The successful bids amount to 3GWh of energy storage capacity and the associated green energy generation assets. And all these sound a warning for coal mining and usage.
Green energy is taking root
According to Kashish Shah, a reputable research analyst at IEEFA, Energy Economics and Financial Analysis), the beauty of this auction was that the target tenderers had provided time-of-use pricing. Shah mentioned that this is the first project for India where battery storage is incorporated, and it shows that when this time-of-day pricing and financial incentive are provided, it is easy to minimize coal mining and attract the top renewable energy players in the industry.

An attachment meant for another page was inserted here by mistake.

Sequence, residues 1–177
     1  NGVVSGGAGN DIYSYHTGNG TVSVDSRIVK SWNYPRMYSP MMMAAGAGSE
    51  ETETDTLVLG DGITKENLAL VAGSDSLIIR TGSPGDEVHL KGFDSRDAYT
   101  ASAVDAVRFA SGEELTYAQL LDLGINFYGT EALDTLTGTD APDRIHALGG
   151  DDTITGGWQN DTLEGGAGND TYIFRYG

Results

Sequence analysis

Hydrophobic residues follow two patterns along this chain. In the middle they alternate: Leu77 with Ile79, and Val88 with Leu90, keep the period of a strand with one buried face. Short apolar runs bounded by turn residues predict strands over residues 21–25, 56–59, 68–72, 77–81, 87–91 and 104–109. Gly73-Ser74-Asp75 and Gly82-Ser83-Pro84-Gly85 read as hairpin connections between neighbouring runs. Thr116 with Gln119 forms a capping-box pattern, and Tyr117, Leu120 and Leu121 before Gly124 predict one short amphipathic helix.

Shah told the RenewEconomy that the tender timing is somewhat right for India as the country is hovering close to the 100GW mark for the overall installed renewable capacity. After this point, storage will become increasingly crucial for all new projects.
Meanwhile, solar energy advocates across the country are now celebrating the results of this tender. This is because the advent of green energy means a death knell electric power generated from coal. Shah agrees to the fact that India should continue taking the right steps to minimize coal mining and imports and then transition from thermal-based electricity production to renewable energy-based power.